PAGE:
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Micah Newman | Fort Worth, TX United States | 06/17/2002
(4 out of 5 stars)
"This is definitely the most overlooked GBV album, and I can't get over how well it holds together as a whole. Although the preceding _Under the Bushes_ has perhaps more "standout" tracks, _Mag Earwhig_ is a more complete album and sounds less cobbled-together. This is probably the GBV album I'd point someone to after the indispensable "Bee Thousand", "Alien Lanes", and "Isolation Drills". _Mag Earwhig_ is packed with tunes that gradually come out and wrap around your brain, like all classic GBV albums."
The pefect Guided By Voices album.
D. Bagley | AQ, NY | 04/02/2002
(5 out of 5 stars)
"Although "Alien Lanes" to me captures their sound best, "Mag Earwhig!" is the perfect balance of their lo-fi and hi-fi sound.
The songs range from short and fast to long and well composed.
In my opinion this is their finest, but it's all subjective, just if you are new, get this one as a first, that way you can travel from "Bee Thousand" to sat "Isolation Drills" without being shocked.
But alone on this albums merits, GBV really shine."
This Earwhig is Mag
John E. Pioli | Easton, CT United States | 12/10/2003
(5 out of 5 stars)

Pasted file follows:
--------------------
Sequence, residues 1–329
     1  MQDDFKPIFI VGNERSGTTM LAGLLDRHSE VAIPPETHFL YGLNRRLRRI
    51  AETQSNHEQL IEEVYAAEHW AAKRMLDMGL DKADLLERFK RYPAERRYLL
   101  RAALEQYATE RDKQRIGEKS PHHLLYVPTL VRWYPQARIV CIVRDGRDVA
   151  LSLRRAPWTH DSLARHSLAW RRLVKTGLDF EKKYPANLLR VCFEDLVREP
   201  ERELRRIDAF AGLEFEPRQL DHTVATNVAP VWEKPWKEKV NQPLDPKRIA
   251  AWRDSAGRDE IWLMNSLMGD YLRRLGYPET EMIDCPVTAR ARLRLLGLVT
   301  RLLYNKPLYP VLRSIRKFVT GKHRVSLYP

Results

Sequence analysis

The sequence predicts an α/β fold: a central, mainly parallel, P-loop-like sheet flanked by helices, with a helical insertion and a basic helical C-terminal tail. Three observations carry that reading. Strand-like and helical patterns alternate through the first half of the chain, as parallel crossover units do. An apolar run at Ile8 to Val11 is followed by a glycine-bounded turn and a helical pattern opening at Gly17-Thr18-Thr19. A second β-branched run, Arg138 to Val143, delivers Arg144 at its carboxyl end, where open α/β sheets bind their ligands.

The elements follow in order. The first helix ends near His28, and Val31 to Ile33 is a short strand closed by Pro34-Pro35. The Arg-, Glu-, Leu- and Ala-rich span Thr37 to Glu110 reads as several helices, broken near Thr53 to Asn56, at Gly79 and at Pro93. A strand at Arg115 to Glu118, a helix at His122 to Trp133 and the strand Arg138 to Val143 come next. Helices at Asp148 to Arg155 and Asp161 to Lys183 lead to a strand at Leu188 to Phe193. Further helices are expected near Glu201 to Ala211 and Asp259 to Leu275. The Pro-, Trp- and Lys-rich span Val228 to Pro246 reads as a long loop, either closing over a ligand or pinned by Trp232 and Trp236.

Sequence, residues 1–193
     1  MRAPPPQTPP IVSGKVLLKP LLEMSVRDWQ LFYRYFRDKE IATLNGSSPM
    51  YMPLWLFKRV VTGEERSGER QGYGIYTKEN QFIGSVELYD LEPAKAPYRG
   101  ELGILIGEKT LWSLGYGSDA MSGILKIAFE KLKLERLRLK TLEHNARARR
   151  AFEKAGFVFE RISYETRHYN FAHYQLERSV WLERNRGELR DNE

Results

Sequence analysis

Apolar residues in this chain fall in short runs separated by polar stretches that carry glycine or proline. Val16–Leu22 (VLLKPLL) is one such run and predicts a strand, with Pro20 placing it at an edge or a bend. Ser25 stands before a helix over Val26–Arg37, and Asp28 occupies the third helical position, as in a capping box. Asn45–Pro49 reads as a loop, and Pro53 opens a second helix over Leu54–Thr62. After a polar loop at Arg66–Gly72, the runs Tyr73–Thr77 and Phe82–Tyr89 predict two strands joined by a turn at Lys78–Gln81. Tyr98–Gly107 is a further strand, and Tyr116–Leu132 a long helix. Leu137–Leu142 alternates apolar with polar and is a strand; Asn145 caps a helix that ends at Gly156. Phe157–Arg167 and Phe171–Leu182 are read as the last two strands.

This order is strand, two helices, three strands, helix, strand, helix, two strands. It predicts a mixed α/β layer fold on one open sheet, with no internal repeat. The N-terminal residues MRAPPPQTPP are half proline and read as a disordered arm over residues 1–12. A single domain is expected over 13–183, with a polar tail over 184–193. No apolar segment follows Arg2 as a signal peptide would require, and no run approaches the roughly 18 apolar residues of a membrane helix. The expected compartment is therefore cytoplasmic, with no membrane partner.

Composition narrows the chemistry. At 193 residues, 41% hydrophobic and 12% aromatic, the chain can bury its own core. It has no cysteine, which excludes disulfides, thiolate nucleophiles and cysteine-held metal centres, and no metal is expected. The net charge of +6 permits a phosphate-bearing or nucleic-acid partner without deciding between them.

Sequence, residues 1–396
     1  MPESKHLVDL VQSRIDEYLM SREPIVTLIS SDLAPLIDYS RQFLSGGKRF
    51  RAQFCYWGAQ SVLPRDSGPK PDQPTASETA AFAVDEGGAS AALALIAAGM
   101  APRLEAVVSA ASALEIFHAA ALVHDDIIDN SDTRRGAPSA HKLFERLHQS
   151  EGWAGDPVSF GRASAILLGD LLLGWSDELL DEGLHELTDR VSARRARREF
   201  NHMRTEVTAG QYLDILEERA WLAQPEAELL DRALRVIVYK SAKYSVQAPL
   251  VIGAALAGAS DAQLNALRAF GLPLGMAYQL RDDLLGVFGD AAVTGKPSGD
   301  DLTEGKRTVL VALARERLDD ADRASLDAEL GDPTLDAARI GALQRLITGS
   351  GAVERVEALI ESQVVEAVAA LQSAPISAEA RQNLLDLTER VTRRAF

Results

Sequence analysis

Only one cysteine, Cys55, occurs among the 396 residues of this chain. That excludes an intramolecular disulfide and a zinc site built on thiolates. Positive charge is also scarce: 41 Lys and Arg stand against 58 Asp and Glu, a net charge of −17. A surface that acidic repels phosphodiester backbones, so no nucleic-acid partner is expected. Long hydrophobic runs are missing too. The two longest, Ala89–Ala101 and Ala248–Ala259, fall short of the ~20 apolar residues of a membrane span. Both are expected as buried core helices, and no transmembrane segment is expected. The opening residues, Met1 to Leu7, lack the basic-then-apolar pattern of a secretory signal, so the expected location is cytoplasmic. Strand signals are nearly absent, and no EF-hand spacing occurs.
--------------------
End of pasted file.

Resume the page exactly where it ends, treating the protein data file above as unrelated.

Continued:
"Every GBV fan has a different opinion over this album, and for that matter everything GBV has ever done. My opinion: this is the MOST WELL-ROUNDED ALBUM THEY HAVE DONE THUS FAR.Not to down-play any other album they have made so far, but this one contains every element of their career. Examples: Lo-fi recordings AND hi-fi recordings next to each other, snippet songs intertwined with well-rounded completed pieces, etc.Furthermore, the songwriting is peak here. Just to pick a few:SAD IF I LOST IT is impossible to imagine on any album before this one; a definite break-through for GBV.LEARNING TO HUNT - the first blatant romance song to appear on a GBV record; another break-through which would serve them on future albums.I AM A TREE, MUTE SUPERSTAR, PORTABLE MEN'S SOCIETY - cleverly crafted, as well as perfectly executed. The drive in these songs makes them perfect for highway driving and mosh pits alike.MAG EARWHIG, OLD GRUNT, CHOKING TARA - 3 songs that you definitely will not "get" the first time you listen to them, but will grow on you with further listening; being "snippets" (songs under 1:30 and feel like drafts), these would have fit well on the ALIEN LANES album, but thankfully were held onto for this collection.THE FINEST JOKE..., JANE OF THE WAKING UNIVERSE, BOMB IN THE BEE-HIVE, KNOCK EM FLYIN' - classic GBV. Period. These would have fit on any album, but after a few listens you begin to believe they were saved for just the right occasion.All in all, every song on this album is perfectly unique and the results are that the songs never get old. You wouldn't want another second to any of the shorter songs, and if you edited the longer ones they would feel incomplete.If you are new to GBV, I reccommend this album first. Then, pick up UNDER THE BUSHES..., BEE THOUSAND, and UNIVERSAL TRUTHS. If you are a longtime fan and don't own this yet, shame on you. Stop what you are doing. Put one in your check-out cart."